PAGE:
You belong to neither of these groups. You know that extremism of any type is wrong and dangerous. But these people don’t care. To them, anyone not like them is the enemy or is disposable. You’re either with them or you’re against them, in their minds. And that means if you want to survive and if you want your family to survive, you may be forced to fight, too.
So as these dissenting factions make their way through the countryside on whatever their missions are, maybe scavenging for food or supplies, would the rural areas truly still be safe?
Jose has written about people raiding farms in Venezuela. Selco has told us about how the things that will surprise us most during an SHTF event and one of those things was how “close” the enemy will be. In a recent article, he warned us that we can be certain the SHTF is beginning when people start to lose their guns. It happened that way in Venezuela, too, although it was two more years before the situation became obvious to everyone.
So yes, what I described above is an extreme scenario. I think it’s really important to consider extreme situations. If you were really at the point where you were having to go out and find food as we talked about on Day 15, there will really be people who are desperate.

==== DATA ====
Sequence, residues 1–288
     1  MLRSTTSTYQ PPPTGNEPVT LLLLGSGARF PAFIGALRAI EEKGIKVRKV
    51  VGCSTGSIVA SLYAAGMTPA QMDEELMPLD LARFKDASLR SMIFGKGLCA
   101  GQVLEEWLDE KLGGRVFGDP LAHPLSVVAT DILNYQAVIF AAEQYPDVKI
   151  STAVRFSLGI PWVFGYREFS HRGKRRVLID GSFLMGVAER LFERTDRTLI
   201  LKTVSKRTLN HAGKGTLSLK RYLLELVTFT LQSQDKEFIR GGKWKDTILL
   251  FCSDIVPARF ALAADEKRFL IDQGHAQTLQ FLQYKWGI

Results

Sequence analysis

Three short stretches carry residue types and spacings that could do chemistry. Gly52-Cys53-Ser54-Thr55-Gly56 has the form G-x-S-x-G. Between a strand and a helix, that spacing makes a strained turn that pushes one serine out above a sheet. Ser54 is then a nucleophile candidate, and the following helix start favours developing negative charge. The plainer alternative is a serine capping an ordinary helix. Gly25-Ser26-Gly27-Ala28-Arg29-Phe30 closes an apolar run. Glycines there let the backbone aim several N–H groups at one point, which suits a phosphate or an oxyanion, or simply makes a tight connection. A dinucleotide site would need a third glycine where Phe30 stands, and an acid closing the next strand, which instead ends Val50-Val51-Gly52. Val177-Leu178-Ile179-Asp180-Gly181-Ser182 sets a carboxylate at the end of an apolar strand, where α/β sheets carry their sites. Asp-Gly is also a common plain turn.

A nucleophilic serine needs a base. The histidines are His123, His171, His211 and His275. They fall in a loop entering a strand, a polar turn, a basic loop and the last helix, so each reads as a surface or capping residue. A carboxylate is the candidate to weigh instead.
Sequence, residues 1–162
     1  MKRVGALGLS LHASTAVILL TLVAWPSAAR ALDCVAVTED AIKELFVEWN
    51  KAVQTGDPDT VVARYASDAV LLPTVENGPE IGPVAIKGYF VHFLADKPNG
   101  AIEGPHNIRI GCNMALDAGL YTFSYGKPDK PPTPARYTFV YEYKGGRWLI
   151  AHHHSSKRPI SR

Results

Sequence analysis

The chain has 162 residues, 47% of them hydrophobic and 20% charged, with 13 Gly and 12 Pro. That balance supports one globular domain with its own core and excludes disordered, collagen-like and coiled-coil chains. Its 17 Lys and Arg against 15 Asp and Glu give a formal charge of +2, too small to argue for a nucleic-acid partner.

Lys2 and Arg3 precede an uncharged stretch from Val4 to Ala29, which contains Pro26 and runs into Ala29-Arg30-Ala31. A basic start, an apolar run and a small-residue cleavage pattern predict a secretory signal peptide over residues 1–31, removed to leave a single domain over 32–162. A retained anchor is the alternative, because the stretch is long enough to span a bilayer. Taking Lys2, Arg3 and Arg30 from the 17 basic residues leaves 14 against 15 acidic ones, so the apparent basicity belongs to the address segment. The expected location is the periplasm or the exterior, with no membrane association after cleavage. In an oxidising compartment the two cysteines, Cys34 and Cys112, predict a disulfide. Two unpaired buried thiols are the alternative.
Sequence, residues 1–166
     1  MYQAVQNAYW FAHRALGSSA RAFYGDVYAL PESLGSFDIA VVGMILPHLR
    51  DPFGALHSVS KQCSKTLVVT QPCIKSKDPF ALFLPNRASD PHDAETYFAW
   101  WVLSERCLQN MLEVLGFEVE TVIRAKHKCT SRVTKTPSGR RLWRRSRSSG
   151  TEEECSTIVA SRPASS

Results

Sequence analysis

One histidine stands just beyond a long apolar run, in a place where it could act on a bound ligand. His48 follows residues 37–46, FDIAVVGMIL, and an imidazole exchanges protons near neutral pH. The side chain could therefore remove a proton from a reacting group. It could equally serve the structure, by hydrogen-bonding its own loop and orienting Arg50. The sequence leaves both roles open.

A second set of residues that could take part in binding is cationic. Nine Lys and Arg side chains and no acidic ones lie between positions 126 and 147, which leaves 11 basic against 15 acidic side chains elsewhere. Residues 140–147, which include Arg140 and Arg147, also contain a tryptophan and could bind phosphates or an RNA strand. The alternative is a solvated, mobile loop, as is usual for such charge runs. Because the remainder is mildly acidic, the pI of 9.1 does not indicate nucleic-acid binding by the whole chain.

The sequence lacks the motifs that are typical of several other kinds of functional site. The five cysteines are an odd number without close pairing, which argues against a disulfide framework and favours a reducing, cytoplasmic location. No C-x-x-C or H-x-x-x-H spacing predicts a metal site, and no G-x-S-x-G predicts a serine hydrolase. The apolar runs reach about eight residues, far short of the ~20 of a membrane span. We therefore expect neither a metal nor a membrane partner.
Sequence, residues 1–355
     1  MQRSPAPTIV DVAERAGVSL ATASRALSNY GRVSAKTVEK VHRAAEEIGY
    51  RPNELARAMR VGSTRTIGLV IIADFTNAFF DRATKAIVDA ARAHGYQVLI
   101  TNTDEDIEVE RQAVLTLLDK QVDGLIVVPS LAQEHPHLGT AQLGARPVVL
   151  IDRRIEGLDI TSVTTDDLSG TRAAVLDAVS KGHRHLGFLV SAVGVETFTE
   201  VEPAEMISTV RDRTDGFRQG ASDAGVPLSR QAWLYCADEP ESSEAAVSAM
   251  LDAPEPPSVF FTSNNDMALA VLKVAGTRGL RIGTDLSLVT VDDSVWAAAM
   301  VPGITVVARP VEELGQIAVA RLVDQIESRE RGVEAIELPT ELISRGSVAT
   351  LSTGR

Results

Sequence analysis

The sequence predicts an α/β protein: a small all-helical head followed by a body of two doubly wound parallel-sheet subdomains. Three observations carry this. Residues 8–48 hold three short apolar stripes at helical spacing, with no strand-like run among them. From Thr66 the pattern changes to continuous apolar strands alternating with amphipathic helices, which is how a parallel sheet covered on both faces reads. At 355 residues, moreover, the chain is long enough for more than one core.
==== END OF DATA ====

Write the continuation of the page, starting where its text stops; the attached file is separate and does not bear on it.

And desperate people are exceptionally dangerous.
How dark are you willing to go?
If you aren’t willing to consider the depravity and desperation of others, how prepared are you really? If you believe it “could never happen where you live,” aren’t you overlooking a very important aspect of survival?
If you want to delve further into how dark a situation can become, and how quickly things can get there, you can read about it in Selco’s paperback book, The Dark Secrets of SHTF Survival, which is $5 off for Preparedness Month. Or you can take his course, One Year in Hell to go even deeper.
What kind of scenarios are you willing to imagine when you prepare for the future? Is there a limit on how far you’d be willing to go to save yourself and your family? Do you think things could get really extreme here in the United States or do you think that it could never happen here?
Share your thoughts in the comments below.
Daisy Luther is a coffee-swigging, gun-toting blogger who writes about current events, preparedness, frugality, voluntaryism, and the pursuit of liberty on her website, The Organic Prepper. She is widely republished across alternative media and she curates all the most important news links on her aggregate site, PreppersDailyNews.com. Daisy is the best-selling author of 4 books and runs a small digital publishing company. She lives in the mountains of Virginia with her family. You can find her on Facebook, Pinterest, and Twitter.